“In the end, our society will be defined not only by what we create, but bywhat we refuse to destroy.” —John C. Sawhill, epigraph to E.O. Wilson’s The Future of Life
"Images are not to be studied in pieces. An image is, infact, an integrating force. It converges the most diverseimpressions, impressions arising from all of the senses.Only under these conditions does an image acquire thestamp of sincerity and carry ones whole beingalong with it.” —Gaston Bachelard, "Preface (For Two Volumes): The Imagination in Matter and in Word," Earth and Reveries of Will
“[T]he sense of an object for me goes only so far as my senses go (has onlysense for a sense corresponding to that object)—for this reason the senses ofthe social man are other senses than those of the non-social man. . . .The forming of the five senses isa labor of the entire history of theworld down to the present.” —Karl Marx, Economic and Philosophic Manuscripts of 1844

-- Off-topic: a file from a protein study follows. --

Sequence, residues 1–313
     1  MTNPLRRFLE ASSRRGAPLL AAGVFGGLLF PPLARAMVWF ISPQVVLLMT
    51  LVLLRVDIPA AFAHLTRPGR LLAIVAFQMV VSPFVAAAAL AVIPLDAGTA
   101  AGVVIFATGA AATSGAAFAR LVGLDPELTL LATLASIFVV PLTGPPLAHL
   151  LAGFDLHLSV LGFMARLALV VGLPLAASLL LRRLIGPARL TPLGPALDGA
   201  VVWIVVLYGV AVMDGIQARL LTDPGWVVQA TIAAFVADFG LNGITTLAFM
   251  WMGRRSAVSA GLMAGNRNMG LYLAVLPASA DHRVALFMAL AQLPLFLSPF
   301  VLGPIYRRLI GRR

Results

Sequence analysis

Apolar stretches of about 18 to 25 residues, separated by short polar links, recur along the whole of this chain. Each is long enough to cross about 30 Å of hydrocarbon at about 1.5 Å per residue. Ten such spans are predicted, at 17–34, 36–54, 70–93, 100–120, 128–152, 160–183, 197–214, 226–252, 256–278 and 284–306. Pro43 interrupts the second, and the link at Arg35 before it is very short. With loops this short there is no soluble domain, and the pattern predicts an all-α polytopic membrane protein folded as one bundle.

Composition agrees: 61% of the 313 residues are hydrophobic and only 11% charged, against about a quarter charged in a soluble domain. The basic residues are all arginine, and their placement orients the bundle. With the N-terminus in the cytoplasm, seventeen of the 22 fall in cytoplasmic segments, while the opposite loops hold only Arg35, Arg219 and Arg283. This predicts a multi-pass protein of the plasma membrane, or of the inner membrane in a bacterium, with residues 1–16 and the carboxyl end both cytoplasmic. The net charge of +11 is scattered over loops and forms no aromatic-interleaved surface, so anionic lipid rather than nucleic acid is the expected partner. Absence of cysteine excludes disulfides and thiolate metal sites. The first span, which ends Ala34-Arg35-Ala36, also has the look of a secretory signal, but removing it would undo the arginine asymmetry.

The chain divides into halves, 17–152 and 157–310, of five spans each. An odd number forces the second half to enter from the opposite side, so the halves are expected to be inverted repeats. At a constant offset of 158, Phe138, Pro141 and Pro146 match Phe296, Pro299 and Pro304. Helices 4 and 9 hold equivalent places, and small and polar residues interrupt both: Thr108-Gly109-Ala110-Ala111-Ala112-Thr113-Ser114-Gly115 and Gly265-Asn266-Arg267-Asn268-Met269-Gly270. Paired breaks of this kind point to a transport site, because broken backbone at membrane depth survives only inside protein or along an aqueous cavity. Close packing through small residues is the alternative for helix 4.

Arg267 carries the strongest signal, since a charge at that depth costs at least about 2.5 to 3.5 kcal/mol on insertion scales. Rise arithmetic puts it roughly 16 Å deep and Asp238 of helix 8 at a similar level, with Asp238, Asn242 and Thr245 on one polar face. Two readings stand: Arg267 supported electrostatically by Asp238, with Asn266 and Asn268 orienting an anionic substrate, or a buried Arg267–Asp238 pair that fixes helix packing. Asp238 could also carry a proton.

“Two thousand years after Plato wrote it seems as if not only thegods but the wise have abandoned us, and left us alone with our partial knowledge and our ignorance. What is left to us inthe place of the wise is their writings, in their glinting brilliance and their increasing obscurity. They still lay in more or lessaccessible editions; they can still be read, if only one knew why one should bother. It is their fate—to stand in silentbookshelves, like posted letters no longer collected, sent to us by authors, of whom we no longer knew whether or not theycould be our friends. . . .Perhaps it occasionally happens that in such researches in the dead cellars of culture the long-ignored texts begin to Everythingglimpse as if a distant light flickers over them. Can the archives also come into the Clearing?suggests that archivists have become the successors of thehumanists. For the few who still peer around in those archives, therealization is dawning that our lives are the confused answer toquestions which were asked in places we have forgotten.” —Peter Sloterdijk, “Rules for the Human Zoo: A Response to the Letter on Humanism,” Environment and Planning D: Society and Space